A unifying trend among all the biggest crossover rappers of the last decade is their single-minded creative spirit and boundlessly productive creative energy, an energy and influence that has allowed them to set their own musical course and shape the future direction of hip-hop.
Arguably no other rapper has quite set the tone for hip-hop’s direction in the last decade than Drake, who has now unequivocally reached that upper echelon of superstardom to such an extent that he is now almost omnipresent, existing online in a world of memes, gossip, leaked tracks and hype. In a word, he’s a phenomenon.
Views is album that strives to cement his phenomenal status. It’s the fully-fledged superstar grand statement. Unfortunately though for Drake, it’s an album that proves that, with unparalleled success, the danger of self-indulgence and treading water lurks ever more prominently. Formerly, and until very recently, titled Views From The 6, Views is Drake’s fourth studio album but follows perhaps the most intriguing and challenging Drake release, 2015’s If You’re Reading This It’s Too Late mixtape. Views shares some musical similarity with that release but instead is mired in a strangely one-paced, monotonous atmospheric dirge that hangs over the record like a dark portentous cloud much like the one from which Drake gazes out over atop the CN tower in his much loved home city of Toronto, which features as the album cover.
Views is insular and introspective. It dives punishingly deep in to his psyche and his city which he reveres and champions. For Drake, the 6 world is all that matters. Themes that have been present throughout Drake’s material are again present. No one who is a familiar follower of the rapper will find anything unusual or disconcerting here. The album slowly lurches into focus with those familiar pared-down beats of regular producer Noah ‘40’ Shebib, who again produces over half the tracks here.
Keep The Family Close is an opening statement that emphasises the importance for Drake of family and where he comes from. The family can be blood related, or it can be extended family in his OVO Sound crew, who feature prominently throughout the album. Indeed on the later track Still Here, Drake provides a celebratory rousing shout out to his crew and his city admonishing any coat tail riding impostors: “Me and all my niggas doin’well, doin’ well, dog, you not from the city, I could tell, I could tell, dog.”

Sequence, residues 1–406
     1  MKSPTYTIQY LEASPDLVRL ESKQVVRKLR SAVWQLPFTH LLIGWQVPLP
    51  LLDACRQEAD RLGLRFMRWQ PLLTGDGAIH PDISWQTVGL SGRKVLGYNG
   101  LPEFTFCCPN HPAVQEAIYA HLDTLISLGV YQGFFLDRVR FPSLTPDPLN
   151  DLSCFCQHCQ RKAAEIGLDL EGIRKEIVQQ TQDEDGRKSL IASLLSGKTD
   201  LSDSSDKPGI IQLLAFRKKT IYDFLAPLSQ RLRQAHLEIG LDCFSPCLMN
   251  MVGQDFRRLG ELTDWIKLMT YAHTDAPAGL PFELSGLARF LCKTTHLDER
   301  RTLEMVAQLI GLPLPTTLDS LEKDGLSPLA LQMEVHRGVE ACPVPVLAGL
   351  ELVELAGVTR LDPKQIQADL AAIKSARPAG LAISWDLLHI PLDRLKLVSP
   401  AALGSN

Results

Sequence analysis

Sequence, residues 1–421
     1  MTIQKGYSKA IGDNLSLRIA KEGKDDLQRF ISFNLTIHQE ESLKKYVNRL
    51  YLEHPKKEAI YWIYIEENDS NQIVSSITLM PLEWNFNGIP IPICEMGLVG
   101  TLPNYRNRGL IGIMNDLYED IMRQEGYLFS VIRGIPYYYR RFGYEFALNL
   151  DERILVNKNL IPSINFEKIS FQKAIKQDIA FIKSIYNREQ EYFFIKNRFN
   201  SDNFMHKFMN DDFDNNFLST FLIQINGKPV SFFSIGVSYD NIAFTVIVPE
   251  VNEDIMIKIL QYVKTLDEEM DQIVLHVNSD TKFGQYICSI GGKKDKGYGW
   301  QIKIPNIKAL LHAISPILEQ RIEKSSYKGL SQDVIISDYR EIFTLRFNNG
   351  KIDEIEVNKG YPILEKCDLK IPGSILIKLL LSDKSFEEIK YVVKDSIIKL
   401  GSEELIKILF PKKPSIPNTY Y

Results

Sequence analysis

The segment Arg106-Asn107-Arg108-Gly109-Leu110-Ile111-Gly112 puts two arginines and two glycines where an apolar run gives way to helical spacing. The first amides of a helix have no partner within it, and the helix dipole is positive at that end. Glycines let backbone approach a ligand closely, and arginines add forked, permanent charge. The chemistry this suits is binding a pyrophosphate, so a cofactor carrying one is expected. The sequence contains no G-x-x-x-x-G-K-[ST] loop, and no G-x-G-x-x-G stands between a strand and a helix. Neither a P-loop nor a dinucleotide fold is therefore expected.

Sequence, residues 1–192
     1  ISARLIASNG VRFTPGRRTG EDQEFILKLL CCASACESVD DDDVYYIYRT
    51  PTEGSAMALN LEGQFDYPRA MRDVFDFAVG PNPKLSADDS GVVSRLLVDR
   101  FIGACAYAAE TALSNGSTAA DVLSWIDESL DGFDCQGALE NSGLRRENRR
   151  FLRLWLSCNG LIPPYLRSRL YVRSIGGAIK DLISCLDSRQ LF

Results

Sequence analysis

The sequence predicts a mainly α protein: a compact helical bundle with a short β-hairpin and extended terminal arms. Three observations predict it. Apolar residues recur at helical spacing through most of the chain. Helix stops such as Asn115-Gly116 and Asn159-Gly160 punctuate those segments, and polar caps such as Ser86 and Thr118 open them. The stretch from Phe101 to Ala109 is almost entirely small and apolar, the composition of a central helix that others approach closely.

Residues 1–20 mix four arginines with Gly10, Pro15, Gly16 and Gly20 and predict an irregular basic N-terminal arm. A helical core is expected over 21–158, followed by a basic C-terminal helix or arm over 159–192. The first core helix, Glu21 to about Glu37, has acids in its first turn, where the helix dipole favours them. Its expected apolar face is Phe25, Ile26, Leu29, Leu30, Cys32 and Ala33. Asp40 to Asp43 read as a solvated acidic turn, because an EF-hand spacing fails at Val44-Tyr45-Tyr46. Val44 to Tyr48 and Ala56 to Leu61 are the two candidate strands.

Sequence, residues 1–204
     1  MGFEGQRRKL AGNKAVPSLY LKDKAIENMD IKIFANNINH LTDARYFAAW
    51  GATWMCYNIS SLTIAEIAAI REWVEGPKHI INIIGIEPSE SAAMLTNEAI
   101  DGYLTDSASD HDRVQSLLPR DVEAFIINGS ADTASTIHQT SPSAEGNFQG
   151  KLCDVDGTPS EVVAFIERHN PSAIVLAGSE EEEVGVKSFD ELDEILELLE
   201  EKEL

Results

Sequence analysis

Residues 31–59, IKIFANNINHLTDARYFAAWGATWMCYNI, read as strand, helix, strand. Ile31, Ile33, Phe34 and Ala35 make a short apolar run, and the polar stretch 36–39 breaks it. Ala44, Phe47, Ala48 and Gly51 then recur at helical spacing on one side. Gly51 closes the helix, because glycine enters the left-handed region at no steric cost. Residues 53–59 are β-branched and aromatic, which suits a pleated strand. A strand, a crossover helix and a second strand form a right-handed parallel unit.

Relationships and his complex relationship with desire, infatuation and fame again provide the most common thread in Drake’s music. U With Me? finds him confused and isolated, while Redemption is infused with anger and bitter scorn as Drake runs through his complicated relationships with women in his past, namedropping Erica Lee who sued him for featuring her voicemails on Take Care’s Marvin’s Room without credit. The fact that all these reflections on past relationship troubles are almost uniformly set to dark, dirgy beats and delivered in predominantly the same emotionless tone makes them hard to fully engage with and even harder to love.
The best moments on VIEWS come when a difference voice appears and a precious moment of light is let in. You yearn for some of the frequently clever and masterful use of samples to be given a more prominent role. The reflection of Drake’s youth in Toronto Of Weston Road Flows is given a sublime twist with a sample of Mary J Blige’s 1994 classic, Mary’s Joint. Elsewhere, another 94 RnB slow jam, Brandy’s I Dedicate (Part 1), is used to wonderful effect on Fire & Desire. As well as the use of sampling, one of the redeeming features of the album is the use of guest vocalists and features. The best of these is Too Good, featuring Rihanna. One of the few obvious radio hits on the album, it features everything a great pop song should have. It’s hard to understate the warm feeling of joy that spreads through you when Rihanna comes in with the chorus hook.
To less sweet effect but no less exciting is Future’s guest rhymes on Grammys and the wonderful funky house swing of Kyla’s Do You Mind which forms the basis of the number one single One Dance. No matter how morose and introspective his music gets Drake never wants for hit singles. The subtle thread of Caribbean dancehall and afrobeat is the obvious highlight of the record, the beguiling patois inflected Controlla featuring Beenie Man is particularly thrilling. It’s a direction that you hope Drake might explore further in the future as explores his world view and the multi-cultural aspects of his city even further.
Despite some intriguing musical excursions though Views is very much the Drake record in excelsis. It’s staggeringly long at 20 tracks and 80+ minutes, and is a grind for even the most ardent fan to get through. There are enough moments of glory and splendour here to validate Drake’s position at the head of the hip-hop table, but you wonder whether he can stay there much longer without doing something drastically different.